For some time now much of Hypenotic’s work and our volunteer efforts have been connected to food, sustainability, travel and culture. Over the summer an idea bubbled up; what if we made promotional gear for Ontario places that people would actually want to wear or frame on their wall?
A quick Wikipedia search revealed that Ontario has less than 10,000 Lakes, but we have enough of ‘em to warrant giving them the love they deserve.
This week we are starting with Lake Abitibi, the first lake in the alphabetical list. Every week we will work our way down the list creating a new logo for each lake to give you a new perspective on this amazing province we live in and the incredible resource that is water.
Accessible predominantly by train or plane, Esnagi is tucked away from the world and a haven for fish, moose, and other gems of nature– but mostly fish. Esnagi boasts plentiful and trophy-sized walleye and pike for the enjoyment of recreational anglers. Testimonials of great fishing trips and annual treks to this favourite spot seem to be as plentiful as the fish in the lake about which they are written. Lodges at Esnagi Lake adhere to the principles that guide fish-lovers in the conservation of fish as well as the fun of fishing, creating a sustainable and enjoyable environment. That’s some great nature-lovin’!
The rituals at Eels’s lake in the Kawartha region are like those in all of Ontario’s cottage country. This tweet from Eels’ Lake Marina let’s people know they can wander over and pick up their papers in their flip flops some time after they’ve enjoyed a morning coffee and eaten toast with jam.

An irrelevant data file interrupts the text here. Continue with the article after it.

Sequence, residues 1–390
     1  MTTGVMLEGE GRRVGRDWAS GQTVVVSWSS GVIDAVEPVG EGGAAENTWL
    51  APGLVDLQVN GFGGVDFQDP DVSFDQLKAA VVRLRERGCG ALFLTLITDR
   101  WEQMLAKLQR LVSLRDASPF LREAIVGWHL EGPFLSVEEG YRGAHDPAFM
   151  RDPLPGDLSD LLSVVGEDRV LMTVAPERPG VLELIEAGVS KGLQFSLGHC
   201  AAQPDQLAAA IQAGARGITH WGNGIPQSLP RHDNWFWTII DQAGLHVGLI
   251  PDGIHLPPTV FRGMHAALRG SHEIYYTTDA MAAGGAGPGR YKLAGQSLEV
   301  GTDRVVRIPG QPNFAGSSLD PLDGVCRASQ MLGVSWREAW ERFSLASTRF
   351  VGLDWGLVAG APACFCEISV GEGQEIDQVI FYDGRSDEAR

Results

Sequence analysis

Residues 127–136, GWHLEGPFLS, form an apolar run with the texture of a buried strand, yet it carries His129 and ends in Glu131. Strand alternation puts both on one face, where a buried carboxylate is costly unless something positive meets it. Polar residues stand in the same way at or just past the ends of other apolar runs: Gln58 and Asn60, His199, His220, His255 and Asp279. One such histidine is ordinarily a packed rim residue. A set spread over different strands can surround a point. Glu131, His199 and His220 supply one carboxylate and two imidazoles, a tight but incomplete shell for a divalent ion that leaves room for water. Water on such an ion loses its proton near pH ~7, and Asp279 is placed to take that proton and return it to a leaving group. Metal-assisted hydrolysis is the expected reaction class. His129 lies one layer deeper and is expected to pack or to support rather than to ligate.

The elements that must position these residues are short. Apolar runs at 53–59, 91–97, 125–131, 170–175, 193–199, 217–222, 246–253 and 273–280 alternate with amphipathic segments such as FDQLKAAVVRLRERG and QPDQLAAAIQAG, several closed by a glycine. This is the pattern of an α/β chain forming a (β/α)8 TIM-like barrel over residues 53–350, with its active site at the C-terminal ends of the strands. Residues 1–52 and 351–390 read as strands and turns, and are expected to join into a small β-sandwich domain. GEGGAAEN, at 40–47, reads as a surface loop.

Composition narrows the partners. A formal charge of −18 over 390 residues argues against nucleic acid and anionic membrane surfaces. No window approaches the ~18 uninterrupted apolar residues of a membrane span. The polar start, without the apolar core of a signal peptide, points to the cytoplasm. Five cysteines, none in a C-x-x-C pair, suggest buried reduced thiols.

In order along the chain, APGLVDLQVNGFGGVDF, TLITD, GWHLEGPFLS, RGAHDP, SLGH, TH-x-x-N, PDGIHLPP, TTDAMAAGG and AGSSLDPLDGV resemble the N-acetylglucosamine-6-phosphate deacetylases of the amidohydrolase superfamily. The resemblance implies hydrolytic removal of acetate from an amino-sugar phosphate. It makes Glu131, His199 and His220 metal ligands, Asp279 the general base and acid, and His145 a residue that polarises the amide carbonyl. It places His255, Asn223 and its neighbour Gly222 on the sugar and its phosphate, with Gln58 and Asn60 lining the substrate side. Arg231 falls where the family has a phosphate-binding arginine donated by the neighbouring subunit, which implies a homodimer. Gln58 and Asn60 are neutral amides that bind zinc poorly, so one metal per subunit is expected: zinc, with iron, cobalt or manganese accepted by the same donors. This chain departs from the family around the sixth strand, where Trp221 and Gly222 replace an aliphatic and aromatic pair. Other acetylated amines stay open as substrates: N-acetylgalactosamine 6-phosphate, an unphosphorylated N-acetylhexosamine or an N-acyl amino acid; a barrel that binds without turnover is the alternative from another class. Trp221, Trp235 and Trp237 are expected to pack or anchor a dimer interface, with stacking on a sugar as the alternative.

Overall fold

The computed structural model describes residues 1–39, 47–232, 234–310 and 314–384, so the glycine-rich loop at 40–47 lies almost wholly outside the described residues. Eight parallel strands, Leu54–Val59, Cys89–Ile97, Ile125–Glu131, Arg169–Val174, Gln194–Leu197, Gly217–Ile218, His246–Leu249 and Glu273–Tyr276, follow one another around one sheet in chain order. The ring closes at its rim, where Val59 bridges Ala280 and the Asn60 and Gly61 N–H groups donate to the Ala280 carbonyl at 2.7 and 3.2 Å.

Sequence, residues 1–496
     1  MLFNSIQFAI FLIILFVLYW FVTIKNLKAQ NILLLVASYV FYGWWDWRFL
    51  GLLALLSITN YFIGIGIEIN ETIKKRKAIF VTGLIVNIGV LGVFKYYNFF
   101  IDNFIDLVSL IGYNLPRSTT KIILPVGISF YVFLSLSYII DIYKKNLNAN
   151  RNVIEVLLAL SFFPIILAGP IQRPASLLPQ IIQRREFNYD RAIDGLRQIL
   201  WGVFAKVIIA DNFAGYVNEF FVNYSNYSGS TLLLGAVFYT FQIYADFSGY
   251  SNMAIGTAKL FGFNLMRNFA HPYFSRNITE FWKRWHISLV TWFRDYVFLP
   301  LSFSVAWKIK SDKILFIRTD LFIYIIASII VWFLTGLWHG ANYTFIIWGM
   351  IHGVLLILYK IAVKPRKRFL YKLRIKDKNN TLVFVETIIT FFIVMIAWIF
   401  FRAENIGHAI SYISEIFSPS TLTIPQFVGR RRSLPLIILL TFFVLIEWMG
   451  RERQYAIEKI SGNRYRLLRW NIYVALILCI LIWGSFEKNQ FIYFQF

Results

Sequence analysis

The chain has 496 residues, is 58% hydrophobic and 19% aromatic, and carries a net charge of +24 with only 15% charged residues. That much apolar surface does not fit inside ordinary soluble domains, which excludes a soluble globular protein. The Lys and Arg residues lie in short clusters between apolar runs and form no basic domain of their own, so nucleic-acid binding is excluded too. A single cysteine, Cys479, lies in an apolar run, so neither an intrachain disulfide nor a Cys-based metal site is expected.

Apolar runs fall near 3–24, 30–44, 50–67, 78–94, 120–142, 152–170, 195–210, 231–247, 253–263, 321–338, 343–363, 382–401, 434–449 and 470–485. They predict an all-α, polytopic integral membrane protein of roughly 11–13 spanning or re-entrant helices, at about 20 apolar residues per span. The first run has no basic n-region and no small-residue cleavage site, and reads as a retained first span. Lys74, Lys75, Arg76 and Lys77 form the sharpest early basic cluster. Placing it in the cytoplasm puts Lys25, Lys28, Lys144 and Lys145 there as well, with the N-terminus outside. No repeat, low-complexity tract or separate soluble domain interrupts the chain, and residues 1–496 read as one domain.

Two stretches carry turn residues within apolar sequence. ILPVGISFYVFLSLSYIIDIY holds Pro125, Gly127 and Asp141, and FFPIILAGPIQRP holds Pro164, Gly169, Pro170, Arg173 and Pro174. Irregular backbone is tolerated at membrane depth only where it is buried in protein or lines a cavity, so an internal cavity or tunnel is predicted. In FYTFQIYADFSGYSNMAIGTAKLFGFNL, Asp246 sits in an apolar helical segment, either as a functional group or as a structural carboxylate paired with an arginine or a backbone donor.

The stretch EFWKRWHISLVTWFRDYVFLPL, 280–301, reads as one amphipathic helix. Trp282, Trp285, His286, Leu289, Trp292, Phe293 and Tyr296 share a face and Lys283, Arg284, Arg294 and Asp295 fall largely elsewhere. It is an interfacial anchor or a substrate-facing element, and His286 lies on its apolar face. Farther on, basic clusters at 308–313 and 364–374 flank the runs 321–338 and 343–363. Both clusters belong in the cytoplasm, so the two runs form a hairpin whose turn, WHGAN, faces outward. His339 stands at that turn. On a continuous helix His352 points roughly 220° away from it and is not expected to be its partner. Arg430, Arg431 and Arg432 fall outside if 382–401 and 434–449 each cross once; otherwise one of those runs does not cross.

Only now they let folks know via Twitter. Here’s the revised version of the above description….
….some time after they’ve enjoyed a morning coffee and eaten toast with jam and checked their iphones.
On a signpost entering Eagle lake there reads the moniker “Rhubarb Capital of Ontario.” An issue of Cottage Life leaves the two visitors to Haliburton pondering, just what is so rhubarb-y about Eagle Lake. They search out the answer only to come up empty handed.
Me: Did they eat rhubarb? Shauna: I’m not sure.
Later, Shauna and I went into the Eagle Lake store. I found an employee in the produce section.
Me: Do you have any rhubarb? Store employee: I’m not sure.
However, rather than quash the mythical connection between Eagle Lake and rhubarb, we want to stoke those flames in hopes that someone, someday will indeed help Eagle Lake live up to it’s mighty reputation.
Located in the quaint county of Haliburton, Drag Lake is, like many Ontarian lakes, a thriving cottage-country area where one will find clear, crisp water lapping against a rocky bank, a rolling blanket of pines, and loons calling to each other in the foggy distance. Though open fires are prohibited (no marshmallow roasting, sorry), the lake is not short of fun community activities, including husky walks and fishing for lakers.
In a timely article posted by the Haliburton Echo a few years ago right around Halloween, stories were told of an old family house built by one Sir William Laking in 1917 in which there were numerous ghost sightings over the years. Around the time the house was built, Mr. Laking was mourning his son, Sir John Laking, who worked for Laking Sr. in his lumber business. One day, John set out on Drag Lake to a mill logging camp, never to return. To this day, no one knows why or how he disappeared.
A more recent article describes a rotting axe found by divers at the bottom of Drag Lake. Connection? Perhaps (or not).
If you’ve ever visited Ottawa, chances are that you will recognize this lake. A man-made lake serving as a flooding control device for Rideau Canal, Dow’s lake is a cultural hub with family-friendly events and activities happening year-round, including canoe and paddleboat rentals, skating on the Rideau, and the famous annual Winterlude and Canadian Tulip Festival. Flanked by the Queen Elizabeth Driveway, a pavilion of restaurants overlooking the water, and Carleton University, Dow’s Lake makes for a versatile scenic pastime venue.
One of the most marked features of Kenora’s Dogtooth Lake is the presence of towering pine trees, all of equal height, surround the lake. The trees are the result of a huge fire in 1910 that cracked open pine cones and heat resistant seeds were scattered along the shoreline. This protective blanket of trees gives the lake a particularly picturesque look, all year long.